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Kittens get priority in the face of vaccine shortage

five kittens

There is a shortage of feline vaccines in Australia due to supply problems triggered by the COVID outbreak.

Kittens and previously un-vaccinated adult cats are at most risk.

The annual F3 vaccination, which protects cats from parvovirus, feline herpes virus and feline calicivirus, is in short supply across the country triggering fear of an outbreak of these preventable diseases.

On the plus side, cats that have previously been vaccinated as kittens and have had boosters are at lower risk of disease because they have an extended duration of immunity. Vets may decide to give kittens two vaccines rather than three and keeping them in a safe environment until they receive a final vaccine in 16 weeks.

One result has been that shelters may stop accepting strays and relinquished cats. Another difficulty has been that catteries may choose not to accept un-vaccinated cats and, in some jurisdictions, are forbidden to by mandatory codes of practice.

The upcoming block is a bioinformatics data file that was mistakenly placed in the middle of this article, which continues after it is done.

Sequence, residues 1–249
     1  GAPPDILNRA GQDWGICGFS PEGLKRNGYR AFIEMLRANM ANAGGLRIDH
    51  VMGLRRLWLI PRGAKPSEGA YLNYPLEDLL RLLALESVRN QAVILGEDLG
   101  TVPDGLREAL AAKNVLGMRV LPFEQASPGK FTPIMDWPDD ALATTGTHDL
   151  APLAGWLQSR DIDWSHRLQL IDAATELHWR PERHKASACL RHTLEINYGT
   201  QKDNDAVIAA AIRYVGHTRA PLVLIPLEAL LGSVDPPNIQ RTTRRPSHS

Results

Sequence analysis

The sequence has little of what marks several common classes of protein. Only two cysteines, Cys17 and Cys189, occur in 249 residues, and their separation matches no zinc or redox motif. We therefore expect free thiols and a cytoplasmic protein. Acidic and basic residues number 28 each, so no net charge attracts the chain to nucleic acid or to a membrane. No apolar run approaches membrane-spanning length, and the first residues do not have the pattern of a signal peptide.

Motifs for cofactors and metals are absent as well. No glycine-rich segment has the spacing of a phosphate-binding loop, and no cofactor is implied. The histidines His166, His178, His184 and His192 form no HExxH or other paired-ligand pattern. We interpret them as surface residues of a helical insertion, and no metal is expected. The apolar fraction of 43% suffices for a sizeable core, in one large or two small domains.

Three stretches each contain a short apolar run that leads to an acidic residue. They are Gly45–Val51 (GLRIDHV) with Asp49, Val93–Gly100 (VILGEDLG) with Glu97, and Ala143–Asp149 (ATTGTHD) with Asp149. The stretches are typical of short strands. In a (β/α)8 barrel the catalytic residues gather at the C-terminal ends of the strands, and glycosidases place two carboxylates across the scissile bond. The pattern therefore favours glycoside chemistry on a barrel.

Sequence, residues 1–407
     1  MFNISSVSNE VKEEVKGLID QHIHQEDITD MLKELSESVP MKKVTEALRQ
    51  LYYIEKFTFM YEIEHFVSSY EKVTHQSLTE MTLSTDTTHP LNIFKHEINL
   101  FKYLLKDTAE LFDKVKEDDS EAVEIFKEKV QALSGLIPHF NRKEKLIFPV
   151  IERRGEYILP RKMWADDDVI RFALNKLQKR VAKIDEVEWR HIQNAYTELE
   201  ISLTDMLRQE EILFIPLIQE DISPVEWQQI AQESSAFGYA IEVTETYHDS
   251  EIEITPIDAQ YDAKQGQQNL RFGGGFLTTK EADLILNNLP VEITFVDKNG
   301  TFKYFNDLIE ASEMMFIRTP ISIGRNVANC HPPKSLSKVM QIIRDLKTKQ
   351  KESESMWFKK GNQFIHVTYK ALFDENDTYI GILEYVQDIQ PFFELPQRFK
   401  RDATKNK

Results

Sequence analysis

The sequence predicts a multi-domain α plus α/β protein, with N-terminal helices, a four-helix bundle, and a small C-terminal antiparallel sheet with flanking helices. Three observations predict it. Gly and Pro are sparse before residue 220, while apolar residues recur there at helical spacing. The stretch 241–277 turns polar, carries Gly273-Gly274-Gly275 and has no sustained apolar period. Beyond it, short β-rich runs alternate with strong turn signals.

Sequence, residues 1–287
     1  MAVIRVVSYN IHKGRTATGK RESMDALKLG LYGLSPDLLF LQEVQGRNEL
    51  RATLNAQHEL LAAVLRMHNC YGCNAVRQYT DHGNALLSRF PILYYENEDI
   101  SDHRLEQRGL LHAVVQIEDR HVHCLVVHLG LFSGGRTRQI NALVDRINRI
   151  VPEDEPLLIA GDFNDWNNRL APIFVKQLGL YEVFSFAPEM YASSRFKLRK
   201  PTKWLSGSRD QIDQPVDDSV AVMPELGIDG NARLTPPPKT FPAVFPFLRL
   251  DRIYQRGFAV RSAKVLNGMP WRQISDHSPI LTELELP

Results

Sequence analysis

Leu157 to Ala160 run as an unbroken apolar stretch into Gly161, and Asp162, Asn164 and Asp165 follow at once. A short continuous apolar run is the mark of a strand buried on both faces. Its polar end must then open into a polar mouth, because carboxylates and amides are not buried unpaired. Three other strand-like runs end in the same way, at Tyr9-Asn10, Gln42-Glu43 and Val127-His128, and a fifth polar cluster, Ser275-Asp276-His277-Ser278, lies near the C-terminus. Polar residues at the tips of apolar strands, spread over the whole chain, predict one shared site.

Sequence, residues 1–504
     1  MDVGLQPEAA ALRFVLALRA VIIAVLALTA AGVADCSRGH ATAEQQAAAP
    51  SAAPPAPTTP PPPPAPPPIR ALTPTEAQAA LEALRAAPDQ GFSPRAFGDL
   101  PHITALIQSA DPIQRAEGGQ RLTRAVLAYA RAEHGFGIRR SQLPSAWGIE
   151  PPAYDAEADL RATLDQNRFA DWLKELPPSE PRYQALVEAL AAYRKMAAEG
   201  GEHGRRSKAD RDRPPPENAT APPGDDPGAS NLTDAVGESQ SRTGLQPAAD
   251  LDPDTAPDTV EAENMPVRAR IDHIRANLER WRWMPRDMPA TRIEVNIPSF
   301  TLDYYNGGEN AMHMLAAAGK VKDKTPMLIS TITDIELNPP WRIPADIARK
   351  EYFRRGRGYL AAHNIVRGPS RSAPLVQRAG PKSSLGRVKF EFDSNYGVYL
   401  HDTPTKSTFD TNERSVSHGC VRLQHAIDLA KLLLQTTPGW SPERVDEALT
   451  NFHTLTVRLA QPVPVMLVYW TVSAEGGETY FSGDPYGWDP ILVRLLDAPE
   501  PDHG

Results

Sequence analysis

It is expected that vaccine supply should return to normal early in 2024.

In the meantime, the key message from the Australian Veterinary Association is to “prioritise kittens and delay adult boosters if possible.”

For more information check out this paper developed by the expert working group.

To get the latest advice about your own situation, contact your vet.

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